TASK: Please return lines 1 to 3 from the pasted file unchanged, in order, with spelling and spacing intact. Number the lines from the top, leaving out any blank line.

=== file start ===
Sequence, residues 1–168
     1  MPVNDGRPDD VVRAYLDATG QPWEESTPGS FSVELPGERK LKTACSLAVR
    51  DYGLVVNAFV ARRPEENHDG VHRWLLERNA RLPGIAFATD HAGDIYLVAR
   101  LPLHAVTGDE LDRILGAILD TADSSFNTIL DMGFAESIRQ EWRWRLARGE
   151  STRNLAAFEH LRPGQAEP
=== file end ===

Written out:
Sequence, residues 1–168
     1  MPVNDGRPDD VVRAYLDATG QPWEESTPGS FSVELPGERK LKTACSLAVR
    51  DYGLVVNAFV ARRPEENHDG VHRWLLERNA RLPGIAFATD HAGDIYLVAR